Lind­say Woods

Irish Examiner - Weekend - - Inside - @the­girlinthep­a­per

RE­CENTLY, Elena Fer­rante, best­selling nov­el­ist and colum­nist for The Guardian wrote: “There was a phase — for­tu­nately long past — when I was con­vinced that a story ei­ther had to be ab­so­lutely new, com­pa­ra­ble to noth­ing but it­self, or it must be dis­carded. This was a very pre­sump­tu­ous and at the same time naïve at­ti­tude.”

In an age of con­sump­tion, when most con­tent is la­belled as the next best thing, well, this was a reve­la­tion to hear. Be­cause of what we con­sume and the lev­els at which we do, there is a ten­dency to feel a de­gree of same­ness as peo­ple strive to brand their con­tent as ‘fresh’ and ‘new’. Yet, some­times, it does not feel like that which inevitably leads the con­sumer to in­dulge in a bit of head scratch­ing as to when and how they have seen sim­i­lar ideas prior?

Time was when peo­ple were lauded for tak­ing in­spi­ra­tion from their men­tors, who they duly ref­er­enced and ac­cred­ited. Now, in an age where in­for­ma­tion is ac­ces­si­ble in­stan­ta­neously, it ap­pears that in our race to cre­ate what we deem ‘new’ con­tent, we know­ingly — or some­times un­know­ingly — pig­gy­back on the ideas of other cre­ators. Thus, the vol­ume of such be­gins to take on that same­ness which leads to said head scratch­ing.

As Fer­rante dis­cusses, we are ‘…im­mersed in what has pre­ceded us’. How free­ing to know that words can be in­flu­enced by the sto­ry­tellers be­fore us and in­ter­preted into our own ver­sion to there­fore cre­ate some­thing new. Does that in­val­i­date the idea be­cause we have de­rived in­spi­ra­tion or does it al­low for a new per­spec­tive?

I am not cre­ative. I can­not be­gin to imag­ine the in­ten­sity of labour in­volved for true artists and the frus­tra­tions at hours upon hours spent hon­ing their craft only to have some­one in­stantly pla­gia­rise their ideas. But, I have known the tor­ture of in­vest­ing your­self and time into a project only to see a sim­i­lar one be­ing touted as ‘new and in­no­va­tive’. So, what do you do? Throw in the towel or press on?

I have pre­vi­ously shared my thoughts on the cu­ri­ous mod­ern-day af­flic­tion of ‘Im­pos­tor Syn­drome’, where an in­di­vid­ual doubts their ac­com­plish­ments and has a per­sis­tent in­ter­nalised fear of be­ing ex­posed as a ‘fraud’. I can­not help but feel that this is ex­as­per­ated even more in to­day’s so­ci­ety. I strug­gle to be­lieve that Beead­opt thoven binned an en­tire sym­phony as he felt Mozart was just knock­ing the hits out of the park. So, why to­day, do we feel that the worth of our work has to be de­fined as ‘unique’ or ‘new’ to war­rant recog­ni­tion or praise.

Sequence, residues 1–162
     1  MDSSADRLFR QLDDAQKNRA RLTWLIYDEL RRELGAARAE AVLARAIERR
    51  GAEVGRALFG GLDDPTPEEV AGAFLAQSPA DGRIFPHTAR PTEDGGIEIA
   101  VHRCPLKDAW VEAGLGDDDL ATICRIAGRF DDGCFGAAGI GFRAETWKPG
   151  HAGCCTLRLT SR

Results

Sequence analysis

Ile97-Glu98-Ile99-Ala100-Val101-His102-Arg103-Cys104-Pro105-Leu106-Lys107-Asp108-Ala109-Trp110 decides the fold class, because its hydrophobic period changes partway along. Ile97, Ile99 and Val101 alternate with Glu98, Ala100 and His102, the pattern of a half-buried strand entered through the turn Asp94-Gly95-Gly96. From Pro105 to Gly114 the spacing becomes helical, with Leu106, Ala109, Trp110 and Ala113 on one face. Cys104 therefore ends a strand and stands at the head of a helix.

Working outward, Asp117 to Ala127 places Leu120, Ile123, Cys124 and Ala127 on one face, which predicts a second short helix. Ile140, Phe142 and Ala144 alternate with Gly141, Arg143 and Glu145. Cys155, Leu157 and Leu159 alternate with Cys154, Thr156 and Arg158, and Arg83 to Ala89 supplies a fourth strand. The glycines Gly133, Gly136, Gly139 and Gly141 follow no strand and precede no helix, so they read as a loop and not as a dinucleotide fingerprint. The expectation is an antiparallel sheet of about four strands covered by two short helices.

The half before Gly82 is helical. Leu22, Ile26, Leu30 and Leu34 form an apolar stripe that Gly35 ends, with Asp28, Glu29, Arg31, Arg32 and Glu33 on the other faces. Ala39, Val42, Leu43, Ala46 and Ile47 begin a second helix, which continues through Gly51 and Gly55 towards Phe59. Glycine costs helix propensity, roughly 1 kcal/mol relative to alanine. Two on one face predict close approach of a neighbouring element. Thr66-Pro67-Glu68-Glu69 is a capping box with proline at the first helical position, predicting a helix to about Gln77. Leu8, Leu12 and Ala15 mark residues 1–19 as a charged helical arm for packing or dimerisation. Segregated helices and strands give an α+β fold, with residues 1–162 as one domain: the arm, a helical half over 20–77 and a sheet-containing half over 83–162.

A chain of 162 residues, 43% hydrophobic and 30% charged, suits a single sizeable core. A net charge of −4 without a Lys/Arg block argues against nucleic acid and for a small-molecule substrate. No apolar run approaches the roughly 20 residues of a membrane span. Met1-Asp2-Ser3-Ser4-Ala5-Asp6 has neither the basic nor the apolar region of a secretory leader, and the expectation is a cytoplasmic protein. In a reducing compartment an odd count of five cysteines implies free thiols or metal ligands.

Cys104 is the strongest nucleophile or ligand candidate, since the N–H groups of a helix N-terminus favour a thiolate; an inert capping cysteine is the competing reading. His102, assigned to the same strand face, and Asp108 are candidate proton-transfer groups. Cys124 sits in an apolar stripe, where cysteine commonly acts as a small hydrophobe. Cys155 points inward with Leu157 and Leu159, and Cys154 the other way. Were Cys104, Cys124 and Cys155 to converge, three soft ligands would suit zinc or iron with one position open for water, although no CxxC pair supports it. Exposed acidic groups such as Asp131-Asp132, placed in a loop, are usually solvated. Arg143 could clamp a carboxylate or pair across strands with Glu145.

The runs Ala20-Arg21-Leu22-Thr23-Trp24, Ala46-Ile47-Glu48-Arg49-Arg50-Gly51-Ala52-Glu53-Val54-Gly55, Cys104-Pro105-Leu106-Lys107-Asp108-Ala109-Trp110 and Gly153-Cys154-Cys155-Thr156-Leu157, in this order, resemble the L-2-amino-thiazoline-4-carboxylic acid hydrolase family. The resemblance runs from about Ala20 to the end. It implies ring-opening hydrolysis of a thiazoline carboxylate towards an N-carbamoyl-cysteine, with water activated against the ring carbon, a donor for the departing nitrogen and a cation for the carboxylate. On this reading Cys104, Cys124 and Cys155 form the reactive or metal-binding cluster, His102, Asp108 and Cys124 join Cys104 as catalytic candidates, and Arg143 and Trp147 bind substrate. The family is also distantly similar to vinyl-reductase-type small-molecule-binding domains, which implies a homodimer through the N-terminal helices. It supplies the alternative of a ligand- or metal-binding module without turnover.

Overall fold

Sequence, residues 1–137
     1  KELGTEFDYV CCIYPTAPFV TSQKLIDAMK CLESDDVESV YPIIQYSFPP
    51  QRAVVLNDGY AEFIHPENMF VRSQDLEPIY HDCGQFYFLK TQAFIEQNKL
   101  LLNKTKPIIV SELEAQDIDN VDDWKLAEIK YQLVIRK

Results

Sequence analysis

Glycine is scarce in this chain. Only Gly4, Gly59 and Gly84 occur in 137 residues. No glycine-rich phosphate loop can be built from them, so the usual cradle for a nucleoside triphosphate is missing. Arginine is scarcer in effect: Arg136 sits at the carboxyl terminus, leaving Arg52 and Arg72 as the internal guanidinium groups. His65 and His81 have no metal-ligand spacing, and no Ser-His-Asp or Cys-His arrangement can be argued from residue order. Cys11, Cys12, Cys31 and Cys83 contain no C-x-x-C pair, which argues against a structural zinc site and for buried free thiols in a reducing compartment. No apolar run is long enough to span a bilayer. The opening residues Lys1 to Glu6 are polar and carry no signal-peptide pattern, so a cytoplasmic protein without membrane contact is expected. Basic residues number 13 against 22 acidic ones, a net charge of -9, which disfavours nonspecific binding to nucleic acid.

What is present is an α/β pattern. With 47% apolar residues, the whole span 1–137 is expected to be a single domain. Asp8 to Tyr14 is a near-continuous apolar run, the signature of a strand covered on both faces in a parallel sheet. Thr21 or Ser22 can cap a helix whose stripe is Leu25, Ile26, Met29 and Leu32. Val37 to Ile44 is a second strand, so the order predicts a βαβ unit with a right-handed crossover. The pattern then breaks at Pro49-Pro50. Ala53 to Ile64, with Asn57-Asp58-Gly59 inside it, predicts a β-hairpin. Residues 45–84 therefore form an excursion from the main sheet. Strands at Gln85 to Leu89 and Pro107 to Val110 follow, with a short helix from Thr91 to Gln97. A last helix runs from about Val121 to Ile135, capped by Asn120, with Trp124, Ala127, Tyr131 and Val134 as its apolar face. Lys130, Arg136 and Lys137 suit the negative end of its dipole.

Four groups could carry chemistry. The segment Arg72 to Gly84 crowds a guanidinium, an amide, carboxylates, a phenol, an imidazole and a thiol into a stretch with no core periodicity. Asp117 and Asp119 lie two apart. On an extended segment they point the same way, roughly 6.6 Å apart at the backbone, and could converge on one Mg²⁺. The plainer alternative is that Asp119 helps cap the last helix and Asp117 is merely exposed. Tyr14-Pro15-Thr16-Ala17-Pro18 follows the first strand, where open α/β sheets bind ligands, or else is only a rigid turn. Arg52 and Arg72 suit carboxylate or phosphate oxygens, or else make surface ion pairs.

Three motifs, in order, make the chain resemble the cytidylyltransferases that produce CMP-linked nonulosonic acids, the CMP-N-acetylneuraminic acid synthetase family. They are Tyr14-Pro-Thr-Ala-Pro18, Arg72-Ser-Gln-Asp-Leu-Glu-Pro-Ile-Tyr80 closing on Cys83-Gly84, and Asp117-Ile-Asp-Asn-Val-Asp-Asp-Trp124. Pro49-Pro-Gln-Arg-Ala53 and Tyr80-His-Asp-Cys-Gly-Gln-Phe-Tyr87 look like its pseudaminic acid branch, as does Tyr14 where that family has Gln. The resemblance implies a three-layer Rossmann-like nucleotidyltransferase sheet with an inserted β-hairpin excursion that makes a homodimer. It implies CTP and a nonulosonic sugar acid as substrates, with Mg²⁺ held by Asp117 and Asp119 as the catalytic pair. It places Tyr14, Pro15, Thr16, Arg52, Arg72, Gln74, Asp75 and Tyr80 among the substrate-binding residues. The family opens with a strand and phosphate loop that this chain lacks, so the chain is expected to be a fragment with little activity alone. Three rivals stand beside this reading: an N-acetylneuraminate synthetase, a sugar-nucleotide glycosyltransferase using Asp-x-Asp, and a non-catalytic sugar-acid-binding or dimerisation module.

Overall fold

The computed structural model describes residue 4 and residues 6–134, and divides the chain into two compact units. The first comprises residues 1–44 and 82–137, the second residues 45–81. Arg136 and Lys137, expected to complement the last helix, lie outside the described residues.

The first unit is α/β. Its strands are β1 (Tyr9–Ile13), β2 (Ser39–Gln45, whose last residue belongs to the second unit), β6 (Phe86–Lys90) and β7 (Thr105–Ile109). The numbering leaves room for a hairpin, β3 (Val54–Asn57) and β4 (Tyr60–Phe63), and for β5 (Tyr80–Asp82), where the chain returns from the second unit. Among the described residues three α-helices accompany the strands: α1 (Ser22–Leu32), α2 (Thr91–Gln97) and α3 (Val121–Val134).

As Fer­rante says, in re­la­tion to writ­ing: ‘No au­thor pro­duces texts with­out debts. There are no works that make a clean break with the past, works that ex­clude it...’ This, could in fact be ap­plied to most dis­ci­plines how­ever, in a dig­i­tal age it be­comes all the more poignant. We can edit, delete, bend, twist and mould ev­ery­thing we cre­ate. In essence, we can oblit­er­ate our mis­takes; our past. There­fore, is it in­deed ar­ro­gance to deny the in­flu­ence of oth­ers upon our work sim­ply be­cause we now have the lux­ury of amend­ing same at our very fin­ger­tips? Yet, given the fact that we have the lux­ury of in­stan­ta­neous edit­ing, how has it re­sulted in that dreaded ‘same­ness’ amongst cre­ators?

I have sev­eral note­books filled with be­gin­nings. Those same pages are never privy to a mid­dle or an end. Just be­gin­nings. Be­cause try as I might, I am in­flu­enced, some­times sub­con­sciously, by other work around me. I fre­quently

‘In our race to cre­ate what we deem ‘new’ con­tent, we know­ingly — or some­times un­know­ingly — pig­gy­back on the ideas of other cre­ators

el­e­ments of a char­ac­ter which I have read so whole­heart­edly, it in­fil­trates my own writ­ing.

Case in point, a re­cent col­umn, who the won­der­ful (and in­fin­itely pa­tient) ed­i­tor of this very pub­li­ca­tion was sub­ject to as a sub­mis­sion on my part. I had cre­ated two char­ac­ters which I had worked into my piece. As I wrote, I read the lines in a thick, ru­ral ac­cent. At that time, I had been read­ing, Oh My God, What a Com­plete Ais­ling, and had been ap­ply­ing a sim­i­lar ac­cent to the char­ac­ter in my head. As a re­sult, this spilled over into my own piece which quickly took on all the fe­roc­ity and oblique tan­gents of the Leav­ing Cert ex­am­iner an­nounc­ing the 30 min­utes re­main­ing as the blank page stared back at you.

Yet, I had the lux­ury (which was af­forded me by the afore­men­tioned pa­tient ed­i­tor) of edit­ing and re-sub­mit­ting. I am very grate­ful for that lux­ury; the same one which those be­fore me may not have had. But I also in­tend to pay more at­ten­tion to those very cre­ators and al­low my­self to draw in­spi­ra­tion from their work whilst ac­knowl­edg­ing their in­flu­ence. Be­cause, if I can­not say, ‘thank you’ for that, then surely it is the very def­i­ni­tion of ar­ro­gance?

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